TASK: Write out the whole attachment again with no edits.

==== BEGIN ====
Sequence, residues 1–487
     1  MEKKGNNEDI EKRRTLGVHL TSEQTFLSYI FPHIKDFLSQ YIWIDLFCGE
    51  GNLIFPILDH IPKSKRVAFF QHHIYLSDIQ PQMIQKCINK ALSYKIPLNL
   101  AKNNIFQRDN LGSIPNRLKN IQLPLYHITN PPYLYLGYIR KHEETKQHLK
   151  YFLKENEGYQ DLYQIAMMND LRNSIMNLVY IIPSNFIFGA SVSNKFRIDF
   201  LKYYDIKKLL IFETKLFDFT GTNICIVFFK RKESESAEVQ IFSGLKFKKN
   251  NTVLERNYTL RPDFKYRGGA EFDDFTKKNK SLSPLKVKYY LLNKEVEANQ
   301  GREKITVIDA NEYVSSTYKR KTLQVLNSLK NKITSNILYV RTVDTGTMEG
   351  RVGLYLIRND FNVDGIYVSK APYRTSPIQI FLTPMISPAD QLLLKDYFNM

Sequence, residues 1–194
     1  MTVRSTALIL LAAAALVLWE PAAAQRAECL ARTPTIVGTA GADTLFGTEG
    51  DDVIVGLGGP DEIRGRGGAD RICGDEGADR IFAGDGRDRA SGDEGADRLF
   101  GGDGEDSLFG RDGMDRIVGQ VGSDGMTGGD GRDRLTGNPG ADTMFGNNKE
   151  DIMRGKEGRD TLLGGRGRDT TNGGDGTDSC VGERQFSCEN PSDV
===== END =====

Sequence, residues 1–487
     1  MEKKGNNEDI EKRRTLGVHL TSEQTFLSYI FPHIKDFLSQ YIWIDLFCGE
    51  GNLIFPILDH IPKSKRVAFF QHHIYLSDIQ PQMIQKCINK ALSYKIPLNL
   101  AKNNIFQRDN LGSIPNRLKN IQLPLYHITN PPYLYLGYIR KHEETKQHLK
   151  YFLKENEGYQ DLYQIAMMND LRNSIMNLVY IIPSNFIFGA SVSNKFRIDF
   201  LKYYDIKKLL IFETKLFDFT GTNICIVFFK RKESESAEVQ IFSGLKFKKN
   251  NTVLERNYTL RPDFKYRGGA EFDDFTKKNK SLSPLKVKYY LLNKEVEANQ
   301  GREKITVIDA NEYVSSTYKR KTLQVLNSLK NKITSNILYV RTVDTGTMEG
   351  RVGLYLIRND FNVDGIYVSK APYRTSPIQI FLTPMISPAD QLLLKDYFNM

Sequence, residues 1–194
     1  MTVRSTALIL LAAAALVLWE PAAAQRAECL ARTPTIVGTA GADTLFGTEG
    51  DDVIVGLGGP DEIRGRGGAD RICGDEGADR IFAGDGRDRA SGDEGADRLF
   101  GGDGEDSLFG RDGMDRIVGQ VGSDGMTGGD GRDRLTGNPG ADTMFGNNKE
   151  DIMRGKEGRD TLLGGRGRDT TNGGDGTDSC VGERQFSCEN PSDV